Safety and OSHA News

Employee complaints lead to $182K in OSHA fines for amputation hazards

OSHA says this company violated some basic federal safety regulations. The federal agency got tipped off by company employees. 

An inspection found workers were exposed to amputation and other hazards at D&D Manufacturing Inc. in El Paso, TX. OSHA cited the company for 41 safety and health violations – 36 of them categorized as serious – with a total penalty of $181,800.

The 36 serious violations, with fines totaling $177,300, include failure to:

  • provide adequate machine guarding
  • properly inspect power presses
  • use proper procedures to de-energize equipment during maintenance, including punch presses
  • implement an effective hearing conservation program for noise levels above 85 decibels
  • provide proper maintenance on conductors with damaged insulation, and
  • protect workers from exposure to live electrical parts.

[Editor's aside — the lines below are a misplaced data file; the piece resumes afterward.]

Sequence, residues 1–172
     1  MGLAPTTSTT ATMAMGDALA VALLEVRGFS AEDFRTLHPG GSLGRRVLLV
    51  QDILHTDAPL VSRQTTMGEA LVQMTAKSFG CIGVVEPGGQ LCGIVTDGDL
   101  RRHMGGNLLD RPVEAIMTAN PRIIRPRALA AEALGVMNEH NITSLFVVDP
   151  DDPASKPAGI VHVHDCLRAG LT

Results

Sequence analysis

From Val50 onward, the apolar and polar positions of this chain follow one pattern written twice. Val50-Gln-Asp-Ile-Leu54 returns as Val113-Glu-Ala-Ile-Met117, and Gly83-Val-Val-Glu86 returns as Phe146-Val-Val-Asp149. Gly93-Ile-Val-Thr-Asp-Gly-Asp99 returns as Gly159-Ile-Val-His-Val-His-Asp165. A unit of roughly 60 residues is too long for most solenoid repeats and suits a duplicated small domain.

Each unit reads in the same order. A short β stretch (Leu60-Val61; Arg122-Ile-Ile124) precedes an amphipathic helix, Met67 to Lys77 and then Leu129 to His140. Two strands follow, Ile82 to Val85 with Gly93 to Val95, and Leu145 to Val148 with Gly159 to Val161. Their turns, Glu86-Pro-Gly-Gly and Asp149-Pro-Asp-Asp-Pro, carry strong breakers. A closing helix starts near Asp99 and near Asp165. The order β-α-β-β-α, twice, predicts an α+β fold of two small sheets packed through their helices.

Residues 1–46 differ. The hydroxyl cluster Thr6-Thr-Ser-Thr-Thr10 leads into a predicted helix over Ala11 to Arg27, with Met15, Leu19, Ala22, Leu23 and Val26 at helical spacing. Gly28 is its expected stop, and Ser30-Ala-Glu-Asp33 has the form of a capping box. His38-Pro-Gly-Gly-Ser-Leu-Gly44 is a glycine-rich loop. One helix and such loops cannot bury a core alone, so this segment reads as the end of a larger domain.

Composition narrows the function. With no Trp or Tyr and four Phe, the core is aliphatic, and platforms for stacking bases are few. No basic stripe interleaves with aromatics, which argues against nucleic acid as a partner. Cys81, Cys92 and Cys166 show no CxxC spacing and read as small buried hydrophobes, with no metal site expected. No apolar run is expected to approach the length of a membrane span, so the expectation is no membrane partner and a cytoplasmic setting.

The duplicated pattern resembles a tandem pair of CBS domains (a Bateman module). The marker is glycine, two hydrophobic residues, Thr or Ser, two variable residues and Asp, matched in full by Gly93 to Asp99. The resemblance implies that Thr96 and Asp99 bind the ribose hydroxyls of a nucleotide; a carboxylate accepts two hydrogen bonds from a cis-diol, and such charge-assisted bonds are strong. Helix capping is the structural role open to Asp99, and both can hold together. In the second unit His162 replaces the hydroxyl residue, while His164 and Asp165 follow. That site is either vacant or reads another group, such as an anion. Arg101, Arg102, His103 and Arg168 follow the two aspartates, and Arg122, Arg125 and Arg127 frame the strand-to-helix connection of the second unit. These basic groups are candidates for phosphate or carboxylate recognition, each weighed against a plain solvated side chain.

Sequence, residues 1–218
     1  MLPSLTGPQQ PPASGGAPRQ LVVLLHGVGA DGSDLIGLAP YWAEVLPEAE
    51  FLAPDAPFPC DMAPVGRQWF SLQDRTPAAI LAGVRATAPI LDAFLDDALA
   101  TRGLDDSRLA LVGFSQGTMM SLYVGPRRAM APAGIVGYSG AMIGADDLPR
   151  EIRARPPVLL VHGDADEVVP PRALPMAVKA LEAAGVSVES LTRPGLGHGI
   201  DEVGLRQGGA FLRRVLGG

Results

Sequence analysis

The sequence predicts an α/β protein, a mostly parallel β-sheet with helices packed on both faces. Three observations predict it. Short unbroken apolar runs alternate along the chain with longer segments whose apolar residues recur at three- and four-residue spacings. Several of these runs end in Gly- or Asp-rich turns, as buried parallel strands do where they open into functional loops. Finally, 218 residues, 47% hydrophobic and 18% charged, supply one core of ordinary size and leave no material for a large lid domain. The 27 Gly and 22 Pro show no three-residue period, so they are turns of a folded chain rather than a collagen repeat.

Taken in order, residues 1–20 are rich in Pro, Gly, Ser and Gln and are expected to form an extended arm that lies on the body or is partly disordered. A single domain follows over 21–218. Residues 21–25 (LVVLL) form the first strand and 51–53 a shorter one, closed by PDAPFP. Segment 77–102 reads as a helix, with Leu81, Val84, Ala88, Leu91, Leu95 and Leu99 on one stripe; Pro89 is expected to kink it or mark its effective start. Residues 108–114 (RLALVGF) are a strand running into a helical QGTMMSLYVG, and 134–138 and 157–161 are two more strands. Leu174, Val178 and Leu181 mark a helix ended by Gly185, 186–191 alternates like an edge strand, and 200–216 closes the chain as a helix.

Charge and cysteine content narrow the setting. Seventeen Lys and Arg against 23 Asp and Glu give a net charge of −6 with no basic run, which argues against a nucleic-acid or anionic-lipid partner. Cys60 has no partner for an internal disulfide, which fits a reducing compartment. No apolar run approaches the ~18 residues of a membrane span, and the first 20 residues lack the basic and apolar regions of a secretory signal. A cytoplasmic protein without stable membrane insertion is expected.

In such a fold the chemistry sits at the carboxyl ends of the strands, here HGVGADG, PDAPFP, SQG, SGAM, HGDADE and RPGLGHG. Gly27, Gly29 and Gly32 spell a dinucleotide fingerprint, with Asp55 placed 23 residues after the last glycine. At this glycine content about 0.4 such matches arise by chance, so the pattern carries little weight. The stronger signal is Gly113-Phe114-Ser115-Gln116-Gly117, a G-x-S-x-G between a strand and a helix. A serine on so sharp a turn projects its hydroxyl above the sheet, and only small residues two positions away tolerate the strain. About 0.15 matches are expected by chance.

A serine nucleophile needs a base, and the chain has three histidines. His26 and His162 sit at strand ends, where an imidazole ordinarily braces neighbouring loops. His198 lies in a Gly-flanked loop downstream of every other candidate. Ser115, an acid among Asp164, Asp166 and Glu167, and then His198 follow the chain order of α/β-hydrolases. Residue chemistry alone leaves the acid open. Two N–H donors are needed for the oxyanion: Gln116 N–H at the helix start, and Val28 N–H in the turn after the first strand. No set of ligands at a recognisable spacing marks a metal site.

Five other-than-serious violations, with fines totaling $4,500, include failure to:

  • assess the need for personal protective equipment
  • educate workers on the voluntary use of respiratory protection
  • implement a written hazard communication program, and
  • certify training of forklift operators.

OSHA also issued a hazard letter to D&D addressing slip hazards and obstructions in aisles and walkways.

Pointing to D&D’s machine guarding and lockout violations, Joann Figueroa, OSHA’s area director in El Paso, said:

“Federal standards addressing these hazards have existed for decades. D&D’s failure to follow these safety and health requirements is unacceptable.”

Headquartered in Illinois, D&D fabricates stamped metal components for equipment manufacturers and employs about 37 workers in El Paso.

The company has 15 business days from receipt of its citations to comply, request an informal conference with OSHA or contest the citations and penalties to the Occupational Safety and Health Review Commission.

OSHA has a National Emphasis Program on amputations. The intent of the NEP is to target workplaces with machinery and equipment that cause amputations and workplaces where amputations have occurred. OSHA believes the failure to properly apply machine guarding techniques and the failure to adequately control associated energy hazards during servicing and maintenance activities are primary causes of amputations.

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